I learned sound engineering simply by doing it. Start with a small rig and record anyone you can, even if its for free at first. Edit these projects. Mix these projects. Download example projects and study them. When you need tips and advice on where to place mics, and how to use tools such as EQ, compression, time based effects, and DAW techniques, I watched tons of videos online. Anything you can find that makes sense. Also, post stuff on ‘bash this recording’.

Try different compressors and EQ units. Isolate an acoustic guitar track. Apply different kinds of compression. Play with transient designer plugins, saturation plugins, and doubler effects. Get familiar with what each type of processor does to each source. Learn basics of where to place microphones through experimentation. There are hundreds of different mics you can place on an acoustic piano. There are dozens of different ways you can position them. There are some basic laws of physics that will help you understand why something DOESN’T work, but they’re not mandatory to know. Your ears will guide you much more than mathematics will.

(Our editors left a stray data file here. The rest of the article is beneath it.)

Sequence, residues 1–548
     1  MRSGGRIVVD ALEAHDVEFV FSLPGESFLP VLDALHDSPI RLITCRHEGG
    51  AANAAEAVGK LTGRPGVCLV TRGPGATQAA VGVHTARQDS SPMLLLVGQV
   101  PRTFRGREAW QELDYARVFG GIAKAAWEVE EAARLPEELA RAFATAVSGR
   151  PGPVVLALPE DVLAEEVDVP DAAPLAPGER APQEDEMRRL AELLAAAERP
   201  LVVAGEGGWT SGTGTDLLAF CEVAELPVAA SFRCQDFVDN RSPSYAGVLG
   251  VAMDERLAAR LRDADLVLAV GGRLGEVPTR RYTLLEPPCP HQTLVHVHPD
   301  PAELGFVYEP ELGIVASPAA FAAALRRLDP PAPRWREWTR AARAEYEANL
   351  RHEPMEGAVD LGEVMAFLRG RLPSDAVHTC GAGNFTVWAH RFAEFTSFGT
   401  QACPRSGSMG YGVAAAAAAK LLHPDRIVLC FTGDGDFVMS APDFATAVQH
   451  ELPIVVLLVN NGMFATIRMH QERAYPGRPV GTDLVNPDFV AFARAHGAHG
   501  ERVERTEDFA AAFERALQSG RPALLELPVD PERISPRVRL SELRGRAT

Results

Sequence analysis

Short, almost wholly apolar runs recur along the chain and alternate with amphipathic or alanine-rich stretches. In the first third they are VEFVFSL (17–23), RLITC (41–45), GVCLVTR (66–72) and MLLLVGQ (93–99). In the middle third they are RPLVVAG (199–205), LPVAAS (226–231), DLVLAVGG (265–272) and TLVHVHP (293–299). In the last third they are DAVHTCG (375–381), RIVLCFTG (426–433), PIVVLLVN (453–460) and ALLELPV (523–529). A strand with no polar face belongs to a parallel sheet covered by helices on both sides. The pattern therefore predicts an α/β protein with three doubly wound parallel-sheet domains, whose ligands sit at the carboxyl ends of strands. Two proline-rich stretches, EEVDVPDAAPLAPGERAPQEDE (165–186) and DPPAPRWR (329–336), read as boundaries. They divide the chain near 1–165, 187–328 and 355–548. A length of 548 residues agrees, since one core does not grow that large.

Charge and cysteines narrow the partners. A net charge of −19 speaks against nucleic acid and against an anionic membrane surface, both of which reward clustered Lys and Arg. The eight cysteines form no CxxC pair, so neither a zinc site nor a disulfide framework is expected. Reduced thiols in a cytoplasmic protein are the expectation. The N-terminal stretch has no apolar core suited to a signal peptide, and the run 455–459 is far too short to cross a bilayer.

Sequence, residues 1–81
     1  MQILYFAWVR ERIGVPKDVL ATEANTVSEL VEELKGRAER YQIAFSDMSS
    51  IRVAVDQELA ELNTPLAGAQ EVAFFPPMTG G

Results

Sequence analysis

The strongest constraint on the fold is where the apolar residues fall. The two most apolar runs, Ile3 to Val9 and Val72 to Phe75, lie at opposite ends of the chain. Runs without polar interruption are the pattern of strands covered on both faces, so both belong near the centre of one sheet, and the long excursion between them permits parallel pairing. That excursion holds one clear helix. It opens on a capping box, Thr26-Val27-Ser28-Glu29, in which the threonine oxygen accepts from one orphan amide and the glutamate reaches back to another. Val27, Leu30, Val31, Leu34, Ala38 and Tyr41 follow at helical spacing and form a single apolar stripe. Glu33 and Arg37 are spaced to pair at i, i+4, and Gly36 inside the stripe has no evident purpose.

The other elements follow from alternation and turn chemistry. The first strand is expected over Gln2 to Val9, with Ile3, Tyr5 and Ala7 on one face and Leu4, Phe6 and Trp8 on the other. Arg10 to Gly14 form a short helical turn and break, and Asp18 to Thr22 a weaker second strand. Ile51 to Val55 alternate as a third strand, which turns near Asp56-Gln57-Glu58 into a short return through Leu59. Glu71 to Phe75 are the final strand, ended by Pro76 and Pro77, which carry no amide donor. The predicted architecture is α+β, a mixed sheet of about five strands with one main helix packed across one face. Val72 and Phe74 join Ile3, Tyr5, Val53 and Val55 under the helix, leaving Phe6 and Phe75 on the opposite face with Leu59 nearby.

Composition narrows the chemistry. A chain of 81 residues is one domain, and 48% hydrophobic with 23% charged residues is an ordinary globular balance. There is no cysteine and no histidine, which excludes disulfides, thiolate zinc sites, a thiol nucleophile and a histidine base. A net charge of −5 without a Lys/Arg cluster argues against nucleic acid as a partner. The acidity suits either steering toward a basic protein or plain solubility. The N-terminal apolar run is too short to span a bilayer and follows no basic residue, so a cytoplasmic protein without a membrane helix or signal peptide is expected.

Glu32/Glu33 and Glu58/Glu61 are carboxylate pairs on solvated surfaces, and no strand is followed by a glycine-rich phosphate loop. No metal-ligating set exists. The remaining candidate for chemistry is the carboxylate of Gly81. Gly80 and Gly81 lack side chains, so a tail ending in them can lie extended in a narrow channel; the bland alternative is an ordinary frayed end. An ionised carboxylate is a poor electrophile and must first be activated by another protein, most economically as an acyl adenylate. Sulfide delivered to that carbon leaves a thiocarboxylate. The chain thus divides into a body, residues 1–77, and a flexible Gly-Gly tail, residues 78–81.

Also, read articles on the internet, and spend time reading magazine articles. I assure you that a self-taught engineer can eventually learn to compete with other pro engineers. Find someone to apprentice or intern with.

If you have survived a classical music program at an accredited and respected college, you most likely have the musical instincts to compete in this field. Having both piano skills and practical experience with sound engineering will go a LONG way if you’re looking to do this for a living.

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I’d agree with that. It can be helpful, but I think you can do as much or more on your own - in terms of education - if you put your mind to it. There’s literally a wealth of information out there now, much of it on the internet (and free). I think sound engineering schools can help with contacts and networking, if that’s one of your goals, but it’s a long time commitment and usually a quite expensive route to go.